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Elles

Year: 2011
Production Co: Slot Machine
Director: Malgorzata Szumowska
Writer: Tine Byrckel/Malgorzata Szumowska
Cast: Juliette Binoche, Joanna Kulig, Anaïs Demoustier

I've done this twice in the last couple of weeks. I queued this movie up on a streaming service thinking I was watching Paul Verhoeven's 2016 rape revenge drama Elle, starring Isabelle Huppert (I also mistakenly watched a 1990 Bill Pullman thriller called Brain Dead thinking I was watching Peter Jackson's post- Bad Taste splatterfest).

No, turns out it's the Frenchest of French movies about the Frenchest of French subjects with the absolute Frenchest sense of style you've ever seen.

I'm sure I've made jokes before about directors working so hard to achieve a French film aesthetic the only thing missing is striped tops and berets and characters carrying paper bags with a baguette sticking out of the top, but it's never been more the case than here.

Maybe it's because the director is herself a foreigner and everything she knows about life in Paris is from French romantic comedies. Even that wouldn't be a very big deal itself, but the story is very slight and it's told using a very slipshod approach to chronology, all of which only make the artifice of it all the more obvious.

The Frenchest of French actors, Juliette Binoche, is Anne, a columnist at a woman's fashion magazine doing a story on a series of young women studying at the local university and paying for it all by being prostitutes.

While doing so she's trying to keep her home and family under control including a demanding job, a slacker son who seems to be cutting class and smoking dope, and a busy husband who barely has time for anything apart from having her make an opulent dinner party to impress his boss.

Anne follows and talks to two such women, a Polish immigrant who's fallen on hard times named Alicja (Joanna Kulig), and a local girl called Charlotte (Anaïs Demoustier). And here's where the story doesn't know where to go.

Or rather, it tells three stories that are only related because the characters in them cross paths. The story apparently takes place across a single day, which nothing in the film itself gives you any idea is the case – I had to read it in the plot description on Wikipedia.

Charlotte has a fairly mundane life with her own family and boyfriend, trying to keep what she does for money a secret but unprepared when the men she sees open up to her about their problems, marriages, families and work, too nice a person not to get a bit too emotionally involved with it all and seeing her other relationships suffer.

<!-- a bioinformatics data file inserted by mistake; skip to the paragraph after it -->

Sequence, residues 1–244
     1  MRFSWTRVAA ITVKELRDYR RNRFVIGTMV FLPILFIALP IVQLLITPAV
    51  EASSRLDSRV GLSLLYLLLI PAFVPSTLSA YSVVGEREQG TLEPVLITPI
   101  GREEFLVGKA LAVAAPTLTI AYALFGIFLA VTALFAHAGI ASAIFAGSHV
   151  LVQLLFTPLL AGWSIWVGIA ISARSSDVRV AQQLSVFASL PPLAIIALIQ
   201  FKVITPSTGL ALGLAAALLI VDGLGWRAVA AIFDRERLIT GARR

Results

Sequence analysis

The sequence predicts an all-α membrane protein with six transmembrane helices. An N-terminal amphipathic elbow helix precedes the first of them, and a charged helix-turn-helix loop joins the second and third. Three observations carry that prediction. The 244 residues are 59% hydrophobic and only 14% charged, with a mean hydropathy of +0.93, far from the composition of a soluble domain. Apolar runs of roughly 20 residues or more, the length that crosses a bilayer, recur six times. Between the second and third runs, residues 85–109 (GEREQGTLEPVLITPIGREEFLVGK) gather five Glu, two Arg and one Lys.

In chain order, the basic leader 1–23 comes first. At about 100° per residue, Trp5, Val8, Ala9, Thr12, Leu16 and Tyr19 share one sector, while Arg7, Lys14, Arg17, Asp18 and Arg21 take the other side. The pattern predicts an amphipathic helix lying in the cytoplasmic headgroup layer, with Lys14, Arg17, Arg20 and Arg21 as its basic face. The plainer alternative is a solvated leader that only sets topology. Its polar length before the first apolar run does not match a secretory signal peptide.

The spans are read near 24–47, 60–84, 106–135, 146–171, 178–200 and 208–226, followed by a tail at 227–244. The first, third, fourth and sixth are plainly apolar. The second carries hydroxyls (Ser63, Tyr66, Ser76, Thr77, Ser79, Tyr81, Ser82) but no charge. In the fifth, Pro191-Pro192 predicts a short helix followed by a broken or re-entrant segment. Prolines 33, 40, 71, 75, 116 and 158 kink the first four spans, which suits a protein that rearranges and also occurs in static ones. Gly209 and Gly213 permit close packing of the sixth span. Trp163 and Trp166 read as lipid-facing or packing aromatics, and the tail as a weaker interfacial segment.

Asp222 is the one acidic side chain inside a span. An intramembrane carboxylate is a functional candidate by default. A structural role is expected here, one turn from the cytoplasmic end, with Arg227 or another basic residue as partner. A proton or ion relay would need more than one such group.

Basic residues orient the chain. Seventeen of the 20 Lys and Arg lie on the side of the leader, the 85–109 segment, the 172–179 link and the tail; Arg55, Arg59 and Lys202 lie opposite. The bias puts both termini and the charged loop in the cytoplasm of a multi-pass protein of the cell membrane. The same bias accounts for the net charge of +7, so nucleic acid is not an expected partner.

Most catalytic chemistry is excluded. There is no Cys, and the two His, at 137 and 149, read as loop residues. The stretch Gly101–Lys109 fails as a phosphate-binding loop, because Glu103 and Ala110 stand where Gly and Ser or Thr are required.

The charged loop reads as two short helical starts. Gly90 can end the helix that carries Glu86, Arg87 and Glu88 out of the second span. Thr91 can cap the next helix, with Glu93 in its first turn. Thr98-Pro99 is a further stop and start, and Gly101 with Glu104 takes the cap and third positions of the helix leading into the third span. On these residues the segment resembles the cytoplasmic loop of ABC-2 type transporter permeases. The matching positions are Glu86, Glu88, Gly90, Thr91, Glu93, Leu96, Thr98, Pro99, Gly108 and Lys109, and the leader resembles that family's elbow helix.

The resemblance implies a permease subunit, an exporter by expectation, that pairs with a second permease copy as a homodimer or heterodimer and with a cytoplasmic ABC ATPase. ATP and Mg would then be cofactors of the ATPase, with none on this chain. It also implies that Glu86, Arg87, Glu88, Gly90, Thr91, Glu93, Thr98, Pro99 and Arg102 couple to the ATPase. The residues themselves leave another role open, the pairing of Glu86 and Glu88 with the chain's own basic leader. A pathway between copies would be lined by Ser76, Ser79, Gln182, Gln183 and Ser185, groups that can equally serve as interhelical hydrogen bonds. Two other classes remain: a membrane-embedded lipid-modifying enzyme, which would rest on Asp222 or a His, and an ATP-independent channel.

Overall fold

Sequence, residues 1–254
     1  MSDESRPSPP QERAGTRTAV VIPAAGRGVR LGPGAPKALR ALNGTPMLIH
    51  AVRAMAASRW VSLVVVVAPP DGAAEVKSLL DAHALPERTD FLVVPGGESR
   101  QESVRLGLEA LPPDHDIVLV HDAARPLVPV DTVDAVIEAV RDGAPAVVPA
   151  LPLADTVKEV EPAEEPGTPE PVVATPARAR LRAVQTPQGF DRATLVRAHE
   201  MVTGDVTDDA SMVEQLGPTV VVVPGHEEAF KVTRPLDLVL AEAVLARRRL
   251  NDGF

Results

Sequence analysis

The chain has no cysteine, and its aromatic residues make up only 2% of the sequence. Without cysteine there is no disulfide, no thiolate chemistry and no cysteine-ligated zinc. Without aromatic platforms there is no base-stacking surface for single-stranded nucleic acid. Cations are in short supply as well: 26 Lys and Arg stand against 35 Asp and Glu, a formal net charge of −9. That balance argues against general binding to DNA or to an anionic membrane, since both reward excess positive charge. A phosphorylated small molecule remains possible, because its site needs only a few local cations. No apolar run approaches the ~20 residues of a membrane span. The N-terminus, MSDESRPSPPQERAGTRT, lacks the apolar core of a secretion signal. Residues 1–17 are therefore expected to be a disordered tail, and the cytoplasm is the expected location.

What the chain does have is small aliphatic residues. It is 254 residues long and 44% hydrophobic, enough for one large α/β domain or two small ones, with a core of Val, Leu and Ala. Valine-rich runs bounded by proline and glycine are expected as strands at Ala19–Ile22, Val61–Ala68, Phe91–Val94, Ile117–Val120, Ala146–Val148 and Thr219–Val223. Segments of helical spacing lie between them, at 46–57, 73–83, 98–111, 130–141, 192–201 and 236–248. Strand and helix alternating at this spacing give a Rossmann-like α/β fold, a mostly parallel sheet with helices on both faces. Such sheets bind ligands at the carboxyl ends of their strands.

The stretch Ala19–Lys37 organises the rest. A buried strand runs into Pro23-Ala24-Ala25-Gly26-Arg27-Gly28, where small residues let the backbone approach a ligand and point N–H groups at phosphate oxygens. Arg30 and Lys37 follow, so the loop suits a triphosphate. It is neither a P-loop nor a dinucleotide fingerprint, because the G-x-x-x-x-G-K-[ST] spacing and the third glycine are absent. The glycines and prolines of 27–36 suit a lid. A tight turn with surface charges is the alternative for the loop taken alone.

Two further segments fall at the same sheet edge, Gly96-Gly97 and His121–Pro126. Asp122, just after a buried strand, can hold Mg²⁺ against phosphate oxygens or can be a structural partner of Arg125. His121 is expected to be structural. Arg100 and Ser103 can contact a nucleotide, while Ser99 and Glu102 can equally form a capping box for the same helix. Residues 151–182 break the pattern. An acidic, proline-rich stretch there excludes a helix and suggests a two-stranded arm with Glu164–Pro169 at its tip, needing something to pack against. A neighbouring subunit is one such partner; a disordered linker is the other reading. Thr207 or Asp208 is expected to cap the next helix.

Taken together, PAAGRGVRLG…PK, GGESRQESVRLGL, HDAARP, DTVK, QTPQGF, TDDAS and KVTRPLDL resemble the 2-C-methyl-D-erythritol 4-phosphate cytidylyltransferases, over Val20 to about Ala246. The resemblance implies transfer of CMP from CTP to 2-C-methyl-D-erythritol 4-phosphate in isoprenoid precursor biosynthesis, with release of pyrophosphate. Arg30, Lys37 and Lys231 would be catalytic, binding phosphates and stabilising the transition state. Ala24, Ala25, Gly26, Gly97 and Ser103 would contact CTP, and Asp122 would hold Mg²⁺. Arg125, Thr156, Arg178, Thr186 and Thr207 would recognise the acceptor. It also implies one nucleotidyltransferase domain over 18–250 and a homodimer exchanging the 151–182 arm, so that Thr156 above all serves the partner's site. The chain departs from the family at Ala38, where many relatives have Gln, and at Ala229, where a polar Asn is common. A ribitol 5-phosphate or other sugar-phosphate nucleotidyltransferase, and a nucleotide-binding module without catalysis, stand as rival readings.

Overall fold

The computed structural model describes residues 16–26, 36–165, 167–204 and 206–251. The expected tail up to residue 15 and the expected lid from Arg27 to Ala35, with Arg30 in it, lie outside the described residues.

Alicja lost her suitcase when she arrived in Paris and had nowhere to stay, so another student took her in and introduced her to the world's oldest profession. She's far less happy to discuss her hidden life with Anne, but proceeds to get the older woman drunk so both their inhibitions are lowered and then pokes fun at Anne's comparatively conservative outlook.

And as she talks to them, Anne herself starts to wonder how sex fits into her life with a demanding work and family, questioning everything and ending up in a – slightly ridiculous – sequence at the dinner party where her husband's workmates all morph into the women she's been talking to and the men they've seen during a slow pan around the table.

It seems obvious it's a way of visualising how the stories of these womens' lives (as well as the men who pay them for their time and bodies) have leached into Anne's emotional landscape, but it's a pretty ham-fisted way of conveying it.

Beyond that, I've spent all of three days in France in my life – and that was from the confines of a tourist coach and a couple of hotels, but even I know life in France in the real world isn't as French as this.

I rolled my eyes at how desperately French it was trying to be (from the cigarettes in every scene to the way it thinks a movie about beautiful young free spirited women with older male lovers has never been done before and is enough alone to hold your interest).

The action jumps back and forth between the three women, sometimes with two of them together and sometimes with them going about their days, but nothing gives you any clue about how the timelines of their stories are all connected, and it ends up just a series of vignettes that don't add up to much. The writer/director might have known what she wanted it to be but it doesn't end up being anything.

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